Post Production Tutorial – Photo Manipulation
In this Post Production Tutorial I am going to show some of the key points on producing an image. You can spend hours finding the right model, atrezzo, composition, mixing everything up… But if you forget about giving the right atmosphere to your artworks, you’re missing one of the key points: to give an atmosphere to what you are creating.
Everything started when I was asked by Aermid, deviantArt Photo Manipulation Gallery Moderator, to write a brief article with tips for Photo Manipulators for the compendium “Manip Academy” that will include also great tips by other photo manipulators such as Marcela Bolívar or Erik Schumacher, and my idea was to create a small list of tips in atmosphere and post production using my piece “Betrayal”, which sums up pretty well most of my post production techniques.
Creating atmospheres is something very personal and each one of us have a way to achieve that, but there are some basic techniques I’d like to share with you all. I encourage you to take them as a starting point and then discover your own depending on your personal style. Here we go!
Basic Post Production Tutorial Refinements
Lighting is the key point in photo manipulation. You must avoid absolute blacks and whites and find the middle value (unless it’s your intention to do so for an expressive purpose) and get a more balanced and eye-friendly image. You can use several tools to achieve this depending on how your image looks like before final post-production.
Shadows/Highlights, under the Adjustments menu in Photoshop, is my all-time favorite tool. It allows you to mute absolute blacks and white and bring them to the middle lighting range area.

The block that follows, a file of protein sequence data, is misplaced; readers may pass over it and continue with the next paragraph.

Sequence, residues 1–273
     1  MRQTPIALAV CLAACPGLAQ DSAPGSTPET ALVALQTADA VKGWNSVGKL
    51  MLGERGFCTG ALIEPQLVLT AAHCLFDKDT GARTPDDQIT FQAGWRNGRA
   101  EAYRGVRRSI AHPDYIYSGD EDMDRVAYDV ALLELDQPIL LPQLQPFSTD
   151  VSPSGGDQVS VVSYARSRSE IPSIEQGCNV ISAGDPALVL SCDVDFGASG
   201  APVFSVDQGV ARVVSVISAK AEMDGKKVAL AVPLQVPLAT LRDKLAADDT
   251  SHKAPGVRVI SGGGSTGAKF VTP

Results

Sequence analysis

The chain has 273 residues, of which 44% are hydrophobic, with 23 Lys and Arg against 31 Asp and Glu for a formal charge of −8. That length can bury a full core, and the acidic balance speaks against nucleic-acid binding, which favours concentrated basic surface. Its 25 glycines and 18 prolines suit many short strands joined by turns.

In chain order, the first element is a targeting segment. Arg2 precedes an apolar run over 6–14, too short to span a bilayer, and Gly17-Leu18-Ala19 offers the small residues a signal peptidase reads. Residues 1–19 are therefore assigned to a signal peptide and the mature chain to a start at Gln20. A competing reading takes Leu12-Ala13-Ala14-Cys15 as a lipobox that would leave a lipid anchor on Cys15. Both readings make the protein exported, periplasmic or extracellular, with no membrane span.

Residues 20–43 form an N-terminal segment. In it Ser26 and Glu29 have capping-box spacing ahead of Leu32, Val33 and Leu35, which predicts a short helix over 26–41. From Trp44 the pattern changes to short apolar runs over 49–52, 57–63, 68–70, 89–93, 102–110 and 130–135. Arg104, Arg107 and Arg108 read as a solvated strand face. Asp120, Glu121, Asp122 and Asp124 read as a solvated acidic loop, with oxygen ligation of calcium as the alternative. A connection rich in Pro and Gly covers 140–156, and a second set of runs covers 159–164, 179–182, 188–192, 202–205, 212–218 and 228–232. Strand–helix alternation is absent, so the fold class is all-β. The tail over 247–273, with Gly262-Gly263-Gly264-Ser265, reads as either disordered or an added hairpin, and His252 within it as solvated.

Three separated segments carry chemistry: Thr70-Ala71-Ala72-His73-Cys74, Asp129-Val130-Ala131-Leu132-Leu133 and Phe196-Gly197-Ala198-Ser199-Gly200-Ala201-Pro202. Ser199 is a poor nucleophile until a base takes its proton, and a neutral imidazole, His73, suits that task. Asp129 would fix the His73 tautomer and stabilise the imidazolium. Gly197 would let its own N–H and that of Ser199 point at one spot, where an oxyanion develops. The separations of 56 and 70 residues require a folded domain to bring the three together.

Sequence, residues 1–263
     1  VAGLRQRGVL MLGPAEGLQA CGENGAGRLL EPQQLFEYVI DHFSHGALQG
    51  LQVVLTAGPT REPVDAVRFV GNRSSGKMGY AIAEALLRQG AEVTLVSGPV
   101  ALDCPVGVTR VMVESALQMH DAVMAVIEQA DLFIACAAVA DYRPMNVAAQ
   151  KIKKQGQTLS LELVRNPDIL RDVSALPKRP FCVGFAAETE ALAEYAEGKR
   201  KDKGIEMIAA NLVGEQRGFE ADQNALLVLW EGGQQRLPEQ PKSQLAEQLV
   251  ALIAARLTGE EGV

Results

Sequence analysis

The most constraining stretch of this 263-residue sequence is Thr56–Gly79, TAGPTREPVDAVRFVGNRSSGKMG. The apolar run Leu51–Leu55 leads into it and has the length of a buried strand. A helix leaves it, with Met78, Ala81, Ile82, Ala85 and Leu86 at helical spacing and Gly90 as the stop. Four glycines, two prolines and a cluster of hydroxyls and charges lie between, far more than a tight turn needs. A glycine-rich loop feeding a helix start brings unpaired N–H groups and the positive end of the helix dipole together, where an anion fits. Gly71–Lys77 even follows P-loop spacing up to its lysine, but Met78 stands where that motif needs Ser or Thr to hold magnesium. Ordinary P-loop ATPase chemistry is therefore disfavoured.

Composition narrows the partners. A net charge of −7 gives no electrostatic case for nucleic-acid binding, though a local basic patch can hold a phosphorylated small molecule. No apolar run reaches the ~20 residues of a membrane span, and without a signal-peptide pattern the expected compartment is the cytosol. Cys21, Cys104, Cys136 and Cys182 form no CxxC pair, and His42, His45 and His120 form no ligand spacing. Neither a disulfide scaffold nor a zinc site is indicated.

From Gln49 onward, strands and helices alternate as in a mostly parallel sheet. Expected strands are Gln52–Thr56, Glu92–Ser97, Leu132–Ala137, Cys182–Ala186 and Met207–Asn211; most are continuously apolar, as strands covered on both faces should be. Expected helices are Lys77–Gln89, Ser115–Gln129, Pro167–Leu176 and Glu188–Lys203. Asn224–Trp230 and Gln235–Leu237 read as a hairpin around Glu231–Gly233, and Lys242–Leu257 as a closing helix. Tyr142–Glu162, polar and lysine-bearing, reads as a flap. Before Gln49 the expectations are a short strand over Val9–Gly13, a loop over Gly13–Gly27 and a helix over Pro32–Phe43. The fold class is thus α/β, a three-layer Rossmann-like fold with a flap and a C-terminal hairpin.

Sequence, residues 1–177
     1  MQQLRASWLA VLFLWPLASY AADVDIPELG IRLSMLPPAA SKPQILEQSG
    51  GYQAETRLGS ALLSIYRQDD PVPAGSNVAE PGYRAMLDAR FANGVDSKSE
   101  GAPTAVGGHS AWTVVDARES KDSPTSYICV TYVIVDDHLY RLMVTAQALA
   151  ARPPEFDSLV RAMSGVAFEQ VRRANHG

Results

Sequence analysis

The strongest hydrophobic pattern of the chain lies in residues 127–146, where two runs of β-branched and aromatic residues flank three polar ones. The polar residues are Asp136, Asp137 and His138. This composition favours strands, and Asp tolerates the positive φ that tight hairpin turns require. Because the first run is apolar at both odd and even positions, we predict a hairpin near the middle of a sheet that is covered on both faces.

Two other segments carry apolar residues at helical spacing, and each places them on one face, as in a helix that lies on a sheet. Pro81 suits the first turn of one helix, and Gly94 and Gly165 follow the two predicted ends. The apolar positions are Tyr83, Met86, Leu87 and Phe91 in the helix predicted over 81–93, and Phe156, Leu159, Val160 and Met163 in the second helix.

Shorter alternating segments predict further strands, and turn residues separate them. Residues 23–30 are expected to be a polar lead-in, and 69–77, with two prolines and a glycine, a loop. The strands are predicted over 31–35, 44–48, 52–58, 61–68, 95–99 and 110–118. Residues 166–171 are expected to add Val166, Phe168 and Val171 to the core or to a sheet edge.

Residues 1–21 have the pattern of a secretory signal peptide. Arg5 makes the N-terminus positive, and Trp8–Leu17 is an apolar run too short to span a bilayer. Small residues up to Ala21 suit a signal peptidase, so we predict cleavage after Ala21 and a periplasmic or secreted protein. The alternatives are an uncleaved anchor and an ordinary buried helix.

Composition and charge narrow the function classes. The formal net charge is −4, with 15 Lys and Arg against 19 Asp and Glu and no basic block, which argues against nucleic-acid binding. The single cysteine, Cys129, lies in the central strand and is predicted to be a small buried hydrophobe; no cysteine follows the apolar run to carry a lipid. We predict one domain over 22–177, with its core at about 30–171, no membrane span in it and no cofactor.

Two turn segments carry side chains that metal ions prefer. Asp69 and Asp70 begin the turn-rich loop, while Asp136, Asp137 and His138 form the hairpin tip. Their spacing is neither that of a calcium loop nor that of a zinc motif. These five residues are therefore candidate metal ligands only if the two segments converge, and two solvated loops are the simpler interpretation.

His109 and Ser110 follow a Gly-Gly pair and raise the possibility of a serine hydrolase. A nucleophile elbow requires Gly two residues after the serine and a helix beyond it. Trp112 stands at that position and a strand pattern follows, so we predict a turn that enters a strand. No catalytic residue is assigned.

Negative blurring: Stamp all visible layers (Ctrl/Cmd + Alt + Shift + E), Invert (Ctrl + I), Desaturate (Ctrl/Cmd + U)and apply a Gaussian Blur of your choice, then switch to Overlay Blending Mode and adjust the Opacity to your liking. The effect is similar to Shadows/Highlights.
Black & White: Use this Adjustment Layer to emphasize some areas of your lighting range. Not recommended if your image has already burnt areas.
General tone and color
Selective Color: This Adjustment Layer is a must to achieve a correct tonal range and to show the colors you really want. You can fine tune any tonal range from here. A personal tip, try to increase the Blacks of your two main colors. Sometimes it may add some depth depending of your basic color range.
Use Stamped Visible Layers with Gaussian Blurs switched to Screen and/or Soft Light (I recommend using both) to enhance the overall atmosphere of the images.
Before publishing your image, ask yourself some questions about the context, surrounding and ecosystems contained in your image. Maybe you might have forgotten some tiny elements that can bring some realism, like air particles, depth of field, and so on.
Advanced tone adjustments
Use these Adjustment layers to switch the overall tonal range of the image. I recommend to use harmonic and complementary colors (i.e.: yellow + purple) and switching to Overlay or Soft Light.
The Difference trick
Fill a blank layer with a color of your choice and switch to Difference Blending Mode and set Opacity to less than 10%, then open Hue/Saturation (Ctrl/Cmd + U) and play with the Hue bar until you reach a medium tonal range that you like. This little tip is very useful in regards on what was commented on the first point about Lighting, but we use colors instead of light to achieve that.
And we are done! As you can see, the steps in this Post Production Tutorial are very simple to follow. I’m sure you can adapt them to your own work space and way of illustrating.
What about you?
Do you have any specific tips for post-production? Do you think that any of these steps can be done in an easier way? Leave us a comment and let’s enrich each other!